Martin’s Tavern has had the honor of serving every president from Harry S. Truman (Booth 6) to George W. Bush (Table 12), all before they were president. When they were congressmen, senators, governors and so on. George H.W. Bush came here many times in the 1970’s when he was CIA Director. On page 73 of Bill Clinton’s book, My Life, he writes of going to Martin’s as a Georgetown University student.

The Proposal Booth is where Senator John F. Kennedy proposed to Miss Jacqueline Lee Bouvier on Wednesday, June 24, 1953. Ambassador Marion Smoak was here that evening and has told us, “After the Senator proposed, and she accepted, the news ran through the restaurant. That night we didn’t know his future and what it would bring. In hindsight it was great fun to witness a part of history.”


In the late 19th century through the early 20th century, Georgetown remained a blue collar laborers’ port, transporting goods in and out of the Washington region. The Martin family was at the heart of the community, familiar with the many that resided, labored and traveled in Georgetown, setting the tone and spirit of Martin’s Tavern.

Georgetown was the farthest navigable point up the Potomac River for ocean-going boats. After the American Revolution, Georgetown became an independent municipal government of the federal District of Columbia, along with the City of Washington, the City of Alexandria, and the newly created County of Washington and County of Alexandria (now Arlington County, Virginia). It was officially known as “Georgetown, D.C.” In 1862, the Washington and Georgetown Railroad Company began a horsecar line running along M Street in Georgetown and Pennsylvania Avenue in Washington, easing travel between the two cities. Georgetown’s corporate charter, along with Washington’s, was formally revoked by Congress effective June 1, 1871, at which point its governmental powers were vested within the District of Columbia. The streets in Georgetown were renamed in 1880 to conform to the street names in Washington.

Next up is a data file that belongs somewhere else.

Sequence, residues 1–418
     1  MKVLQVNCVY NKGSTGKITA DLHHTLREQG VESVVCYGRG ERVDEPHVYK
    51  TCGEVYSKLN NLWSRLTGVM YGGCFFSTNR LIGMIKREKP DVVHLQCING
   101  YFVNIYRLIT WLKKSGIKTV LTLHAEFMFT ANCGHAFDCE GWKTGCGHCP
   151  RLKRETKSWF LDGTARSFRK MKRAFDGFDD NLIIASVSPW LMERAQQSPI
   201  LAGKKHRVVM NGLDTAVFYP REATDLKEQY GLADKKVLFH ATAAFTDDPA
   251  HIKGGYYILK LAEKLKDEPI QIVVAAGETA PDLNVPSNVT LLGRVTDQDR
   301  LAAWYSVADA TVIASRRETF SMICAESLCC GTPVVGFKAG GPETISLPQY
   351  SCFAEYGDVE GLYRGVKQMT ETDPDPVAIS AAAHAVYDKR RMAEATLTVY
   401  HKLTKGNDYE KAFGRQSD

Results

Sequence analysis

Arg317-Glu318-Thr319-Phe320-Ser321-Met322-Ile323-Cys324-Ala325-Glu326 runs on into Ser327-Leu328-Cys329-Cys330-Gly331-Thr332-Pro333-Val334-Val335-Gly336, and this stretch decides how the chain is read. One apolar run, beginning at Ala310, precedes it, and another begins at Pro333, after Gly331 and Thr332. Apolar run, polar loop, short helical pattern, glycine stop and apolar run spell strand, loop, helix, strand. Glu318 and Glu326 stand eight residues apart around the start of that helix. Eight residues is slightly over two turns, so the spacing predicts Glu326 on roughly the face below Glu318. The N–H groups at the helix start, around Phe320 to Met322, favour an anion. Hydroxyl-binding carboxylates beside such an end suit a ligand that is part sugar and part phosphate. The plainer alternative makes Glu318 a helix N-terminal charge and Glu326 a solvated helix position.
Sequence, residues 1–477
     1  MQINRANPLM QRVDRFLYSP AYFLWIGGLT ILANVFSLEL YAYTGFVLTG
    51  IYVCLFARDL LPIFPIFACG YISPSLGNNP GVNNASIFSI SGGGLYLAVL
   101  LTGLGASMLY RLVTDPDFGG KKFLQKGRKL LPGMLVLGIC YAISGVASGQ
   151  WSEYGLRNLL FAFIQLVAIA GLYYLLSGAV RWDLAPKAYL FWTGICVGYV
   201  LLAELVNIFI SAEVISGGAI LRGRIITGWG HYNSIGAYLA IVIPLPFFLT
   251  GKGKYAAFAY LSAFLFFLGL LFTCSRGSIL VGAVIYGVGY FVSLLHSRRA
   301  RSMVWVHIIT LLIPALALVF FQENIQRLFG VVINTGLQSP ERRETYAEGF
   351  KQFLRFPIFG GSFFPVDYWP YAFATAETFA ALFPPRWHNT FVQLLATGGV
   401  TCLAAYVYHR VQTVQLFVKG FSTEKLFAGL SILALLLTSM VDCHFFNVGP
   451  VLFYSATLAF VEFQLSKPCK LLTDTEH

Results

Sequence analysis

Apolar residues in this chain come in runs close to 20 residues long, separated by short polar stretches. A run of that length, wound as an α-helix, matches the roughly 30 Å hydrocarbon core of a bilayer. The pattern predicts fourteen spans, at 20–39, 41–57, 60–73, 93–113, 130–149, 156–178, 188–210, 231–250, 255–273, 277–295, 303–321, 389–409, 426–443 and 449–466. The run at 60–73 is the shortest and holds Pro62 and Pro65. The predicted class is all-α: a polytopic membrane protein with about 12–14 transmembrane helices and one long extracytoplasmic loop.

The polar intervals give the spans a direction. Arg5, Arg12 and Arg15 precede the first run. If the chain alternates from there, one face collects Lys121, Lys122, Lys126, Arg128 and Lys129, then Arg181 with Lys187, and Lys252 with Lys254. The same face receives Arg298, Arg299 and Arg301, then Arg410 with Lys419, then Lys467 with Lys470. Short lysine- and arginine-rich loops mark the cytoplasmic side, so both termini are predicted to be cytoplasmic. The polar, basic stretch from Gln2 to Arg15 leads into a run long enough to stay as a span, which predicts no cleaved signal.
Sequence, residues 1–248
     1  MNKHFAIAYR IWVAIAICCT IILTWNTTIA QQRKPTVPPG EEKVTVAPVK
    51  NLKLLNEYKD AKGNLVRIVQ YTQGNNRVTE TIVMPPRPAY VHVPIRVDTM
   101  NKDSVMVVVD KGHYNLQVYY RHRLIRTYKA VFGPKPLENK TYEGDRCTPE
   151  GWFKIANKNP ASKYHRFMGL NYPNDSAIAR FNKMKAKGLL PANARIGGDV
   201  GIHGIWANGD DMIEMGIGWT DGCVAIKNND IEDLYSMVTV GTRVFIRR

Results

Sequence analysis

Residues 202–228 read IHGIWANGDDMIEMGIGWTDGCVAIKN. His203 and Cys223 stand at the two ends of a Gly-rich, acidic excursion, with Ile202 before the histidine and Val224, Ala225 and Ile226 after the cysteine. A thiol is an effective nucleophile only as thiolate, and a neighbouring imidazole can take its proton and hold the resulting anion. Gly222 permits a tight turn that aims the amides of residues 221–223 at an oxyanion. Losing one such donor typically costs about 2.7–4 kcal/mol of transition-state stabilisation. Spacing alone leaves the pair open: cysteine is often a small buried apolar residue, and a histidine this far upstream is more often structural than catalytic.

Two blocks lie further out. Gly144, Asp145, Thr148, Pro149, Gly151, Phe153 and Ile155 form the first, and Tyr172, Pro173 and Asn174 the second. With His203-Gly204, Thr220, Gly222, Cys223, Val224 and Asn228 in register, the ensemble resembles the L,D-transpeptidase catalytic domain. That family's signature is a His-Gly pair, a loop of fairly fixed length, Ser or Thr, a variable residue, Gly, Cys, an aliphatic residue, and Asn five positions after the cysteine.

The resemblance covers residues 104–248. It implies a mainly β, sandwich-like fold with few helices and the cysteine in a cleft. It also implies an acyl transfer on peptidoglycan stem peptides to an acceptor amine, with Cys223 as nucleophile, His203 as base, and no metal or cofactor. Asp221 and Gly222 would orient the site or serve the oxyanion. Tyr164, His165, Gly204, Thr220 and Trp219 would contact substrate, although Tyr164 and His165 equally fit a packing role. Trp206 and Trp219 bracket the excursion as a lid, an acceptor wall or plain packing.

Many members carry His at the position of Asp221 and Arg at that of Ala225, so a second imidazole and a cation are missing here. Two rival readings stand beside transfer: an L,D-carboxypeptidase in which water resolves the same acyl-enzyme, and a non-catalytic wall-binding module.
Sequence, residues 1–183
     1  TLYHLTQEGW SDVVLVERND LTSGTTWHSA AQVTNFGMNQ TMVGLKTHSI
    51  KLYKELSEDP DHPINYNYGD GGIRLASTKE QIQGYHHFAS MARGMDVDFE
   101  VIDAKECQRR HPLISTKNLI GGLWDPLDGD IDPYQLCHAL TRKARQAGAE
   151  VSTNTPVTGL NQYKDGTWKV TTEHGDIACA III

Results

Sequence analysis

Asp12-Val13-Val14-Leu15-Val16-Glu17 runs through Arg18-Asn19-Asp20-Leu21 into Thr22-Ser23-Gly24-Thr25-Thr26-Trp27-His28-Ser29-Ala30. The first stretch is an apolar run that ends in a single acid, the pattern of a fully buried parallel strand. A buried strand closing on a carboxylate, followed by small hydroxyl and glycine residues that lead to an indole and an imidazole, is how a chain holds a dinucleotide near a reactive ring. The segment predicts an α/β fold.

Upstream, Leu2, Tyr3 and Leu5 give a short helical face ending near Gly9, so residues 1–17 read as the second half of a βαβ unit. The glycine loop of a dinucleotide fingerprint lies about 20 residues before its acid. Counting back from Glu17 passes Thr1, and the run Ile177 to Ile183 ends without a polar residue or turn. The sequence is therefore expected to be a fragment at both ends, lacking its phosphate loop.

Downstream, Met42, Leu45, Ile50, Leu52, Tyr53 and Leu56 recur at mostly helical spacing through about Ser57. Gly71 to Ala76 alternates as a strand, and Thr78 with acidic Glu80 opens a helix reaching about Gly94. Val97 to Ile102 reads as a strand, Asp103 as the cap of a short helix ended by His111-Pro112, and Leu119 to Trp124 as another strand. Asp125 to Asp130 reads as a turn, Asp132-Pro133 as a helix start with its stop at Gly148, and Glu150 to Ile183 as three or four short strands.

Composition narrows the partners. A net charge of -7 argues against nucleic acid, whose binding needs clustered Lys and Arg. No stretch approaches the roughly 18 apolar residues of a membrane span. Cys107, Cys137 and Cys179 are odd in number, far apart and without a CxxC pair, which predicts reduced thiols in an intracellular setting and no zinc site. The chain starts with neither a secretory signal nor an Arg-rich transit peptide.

By the late 1800s, flour milling and other industries in Georgetown were declining, partly due to the fact that the canals and other waterways continually silted. A flood in 1890 with expansion of railroads brought destitution to the C&O Canal. Georgetown became a depressed slum, with alleys choked by tiny dwellings lacking plumbing or electricity.

Shipping trade vanished between the Civil War and World War I. As a result of this departure, many older homes were preserved relatively unchanged. Alexander Graham Bell’s earliest switching office for the Bell System was located on a site just below the C&O Canal, three blocks from Martin’s Tavern, where it remains in use as a phone facility to this day.


In the late 1890s, William S. Martin traveled from Galway, Ireland to America. Forty years later, he and his son, William G. Martin, opened Martin’s Tavern on the corner of Wisconsin Avenue and N Street NW.

It was 1933, in the midst of the Great Depression and the beginning of the Repeal of Prohibition. William G. Martin, a graduate of Georgetown University, was enjoyed a career in professional baseball, football and basketball – notably playing in Boston for the 1914 “Miracle Braves” who were the first team to sweep the World Series.   Successful in business and sports, he earned a seat as a Georgetown University Athletic Hall-of-Famer.

In 1949, William G. Martin’s son, William A. Martin, joined the Tavern after serving in the Navy during World War II. William A. Martin attended Georgetown University Medical School, and excelled as a Golden-Gloves boxer and Pro-Am golfer. His stories of “The Dugout”, recalling countless meetings with Speaker Sam Rayburn, Congressman Lyndon Johnson, and other monumental Capitol Hill leaders, were passed on to his son, current owner Billy Martin.